MADD (Mothers Against Drunk Driving) issued a press release on January 5, 2017, titled, New Study Finds Ignition Interlocks Reduce Fatal Drunk Driving Crashes by 7 Percent. The MADD press release applauded “the new study by researchers at Johns Hopkins University published in the American Journal of Preventive Medicine.”
MADD’s Campaign to Eliminate Drunk Driving has been a top legislative priority for the organization over the last 10 years. It wants to help pass legislation in every state in the United States and the District of Columbia that would require ignition interlock devices starting with the first offense.
The first-ever ignition interlock report by MADD was released last year showing how many times the device stopped drunk driving across the nation. That number topped 1.77 million drunk-driving attempts.
How does an ignition interlock work?
IgnitionInterlockDevice.org says that an ignition interlock is a device about the size of a cell phone that is wired into the ignition system of a vehicle. Convicted drunk drivers must blow into the device in order to start their vehicle. If they have a measurable amount of alcohol in their system, the vehicle will not start.
In December 2013, the NHTSA (National Highway Traffic Safety Administration) released model guidelines for states to encourage them to adopt the ignition interlock for first-time convicted drunk drivers and establish a minimum length of time in which offenders must use the interlocks.
According to the National Conference of State Legislatures, twenty-five states: Alabama, Alaska, Arizona, Arkansas, Connecticut, Delaware, Hawaii, Illinois, Kansas, Louisiana, Maine, Maryland, Mississippi, Nebraska, New Hampshire, New Mexico, New York, Oregon, Pennsylvania, Tennessee, Texas, Utah, Virginia, Washington and West Virginia have mandatory ignition interlock provisions for all offenses.
Florida ignition interlock law
Florida limits the use of ignition interlocks for all first-time DUI offenders. Under Florida law, §316.193 and §322.2715, the use of an ignition interlock device is mandatory for at least 1 year upon a second conviction if the driver qualifies for a permanent or restricted license and for at least 2 years for any third conviction and for other extenuating circumstances. If a first-time DUI offender was accompanied in the vehicle by a person younger than 18 years of age, the person shall have the ignition interlock device installed for 6 months for the first offense and for at least 2 years for a second offense.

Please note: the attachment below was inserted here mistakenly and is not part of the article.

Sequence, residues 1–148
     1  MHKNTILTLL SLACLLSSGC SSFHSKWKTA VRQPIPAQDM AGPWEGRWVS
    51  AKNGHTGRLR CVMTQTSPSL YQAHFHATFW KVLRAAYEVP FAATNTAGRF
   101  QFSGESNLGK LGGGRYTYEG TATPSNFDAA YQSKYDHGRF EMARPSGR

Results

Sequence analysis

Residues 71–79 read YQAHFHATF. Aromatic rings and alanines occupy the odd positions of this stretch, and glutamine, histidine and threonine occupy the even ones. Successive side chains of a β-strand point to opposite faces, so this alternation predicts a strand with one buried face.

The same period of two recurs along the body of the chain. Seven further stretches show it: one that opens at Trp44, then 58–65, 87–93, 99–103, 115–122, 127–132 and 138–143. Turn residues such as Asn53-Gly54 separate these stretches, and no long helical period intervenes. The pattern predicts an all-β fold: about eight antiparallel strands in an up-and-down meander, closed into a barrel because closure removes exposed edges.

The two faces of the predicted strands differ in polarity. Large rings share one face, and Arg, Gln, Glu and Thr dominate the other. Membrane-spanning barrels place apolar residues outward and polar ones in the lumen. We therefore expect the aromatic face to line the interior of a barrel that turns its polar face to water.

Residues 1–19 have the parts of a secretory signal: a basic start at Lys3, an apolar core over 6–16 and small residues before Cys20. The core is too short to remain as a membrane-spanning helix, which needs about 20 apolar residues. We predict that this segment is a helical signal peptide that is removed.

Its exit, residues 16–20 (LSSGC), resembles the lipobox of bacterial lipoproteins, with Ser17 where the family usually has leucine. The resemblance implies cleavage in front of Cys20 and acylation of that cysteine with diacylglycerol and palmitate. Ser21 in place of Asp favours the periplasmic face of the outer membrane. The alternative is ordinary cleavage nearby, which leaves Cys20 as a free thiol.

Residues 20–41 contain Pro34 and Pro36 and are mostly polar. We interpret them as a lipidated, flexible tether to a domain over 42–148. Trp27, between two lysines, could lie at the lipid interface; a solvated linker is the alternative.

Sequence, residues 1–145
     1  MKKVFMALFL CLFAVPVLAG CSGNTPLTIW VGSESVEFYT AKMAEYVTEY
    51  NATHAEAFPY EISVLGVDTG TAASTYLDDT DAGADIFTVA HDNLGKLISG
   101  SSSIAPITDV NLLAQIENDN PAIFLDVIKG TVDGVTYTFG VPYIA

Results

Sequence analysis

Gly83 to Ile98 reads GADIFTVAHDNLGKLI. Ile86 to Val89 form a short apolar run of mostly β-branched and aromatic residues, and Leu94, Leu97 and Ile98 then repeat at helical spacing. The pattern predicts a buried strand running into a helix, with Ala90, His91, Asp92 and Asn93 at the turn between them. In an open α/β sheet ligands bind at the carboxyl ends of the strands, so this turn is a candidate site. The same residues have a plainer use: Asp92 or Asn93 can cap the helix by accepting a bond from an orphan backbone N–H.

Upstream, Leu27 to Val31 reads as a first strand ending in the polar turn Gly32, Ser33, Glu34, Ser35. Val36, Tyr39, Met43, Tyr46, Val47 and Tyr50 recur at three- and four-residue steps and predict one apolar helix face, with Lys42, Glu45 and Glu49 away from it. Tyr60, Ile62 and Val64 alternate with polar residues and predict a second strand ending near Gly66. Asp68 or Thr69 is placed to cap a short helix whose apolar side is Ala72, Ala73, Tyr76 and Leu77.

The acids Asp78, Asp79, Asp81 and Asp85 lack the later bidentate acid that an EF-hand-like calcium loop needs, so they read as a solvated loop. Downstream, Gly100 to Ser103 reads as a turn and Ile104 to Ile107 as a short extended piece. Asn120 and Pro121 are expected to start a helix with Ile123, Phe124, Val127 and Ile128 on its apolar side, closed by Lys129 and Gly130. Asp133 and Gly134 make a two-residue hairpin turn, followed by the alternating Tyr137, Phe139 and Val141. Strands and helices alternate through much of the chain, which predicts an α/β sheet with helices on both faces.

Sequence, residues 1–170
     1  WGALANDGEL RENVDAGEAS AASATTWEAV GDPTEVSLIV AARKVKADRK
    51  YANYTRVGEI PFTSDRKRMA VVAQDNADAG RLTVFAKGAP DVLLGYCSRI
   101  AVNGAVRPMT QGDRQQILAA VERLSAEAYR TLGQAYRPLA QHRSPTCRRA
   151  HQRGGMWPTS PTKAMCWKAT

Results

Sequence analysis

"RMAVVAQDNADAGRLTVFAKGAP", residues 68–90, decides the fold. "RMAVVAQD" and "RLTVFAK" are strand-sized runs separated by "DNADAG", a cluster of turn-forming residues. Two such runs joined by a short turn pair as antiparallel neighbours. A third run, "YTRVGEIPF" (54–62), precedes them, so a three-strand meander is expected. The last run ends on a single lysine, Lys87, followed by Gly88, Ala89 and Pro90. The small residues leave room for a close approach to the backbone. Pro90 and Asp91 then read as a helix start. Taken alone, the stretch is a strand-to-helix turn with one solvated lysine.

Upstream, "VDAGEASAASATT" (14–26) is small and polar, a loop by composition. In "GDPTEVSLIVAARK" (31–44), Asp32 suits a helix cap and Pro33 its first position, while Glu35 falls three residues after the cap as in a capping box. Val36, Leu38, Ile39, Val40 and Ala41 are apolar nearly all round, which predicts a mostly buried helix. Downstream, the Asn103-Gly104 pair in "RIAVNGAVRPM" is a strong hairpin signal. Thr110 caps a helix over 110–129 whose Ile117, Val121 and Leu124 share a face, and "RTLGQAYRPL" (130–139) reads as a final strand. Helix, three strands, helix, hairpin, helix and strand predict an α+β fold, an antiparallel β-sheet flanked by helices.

A DWI (driving while impaired) defendant who is placed on probation and who is otherwise permitted to operate a motor vehicle shall be required to operate vehicles equipped with ignition interlock devices for not less than 6 months. In addition, the licensing agency may require any person seeking reinstatement of driving privileges to use an ignition interlock device on his/her vehicle. This requirement can apply to either occupational restricted or regular driving privileges.
Fort Myers DUI Accident Attorneys recommend that anyone injured in an accident caused by a drunk driver contact them for assistance. There are no costs or attorney fees until you win.
Hurt By Drunk Driver Attorney, Randall L. Spivey is a Board Certified Trial Attorney – the highest recognition for competence bestowed by the Florida Bar and a distinction earned by just one (1%) percent of Florida attorneys. He has handled over 2,000 personal injury and wrongful death cases throughout Florida. For a free and confidential consultation to discuss your legal rights, contact the Spivey Law Firm, Personal Injury Attorneys, P.A., in Lee County at 239.337.7483 or toll-free at 1.888.477.4839, or by email to Randall@SpiveyLaw.com. Visit SpiveyLaw.com for more information. You can contact Spivey Law Firm, Personal Injury Attorneys, P.A.in Charlotte County at 941.764.7748 and in Collier County 239.793.7748.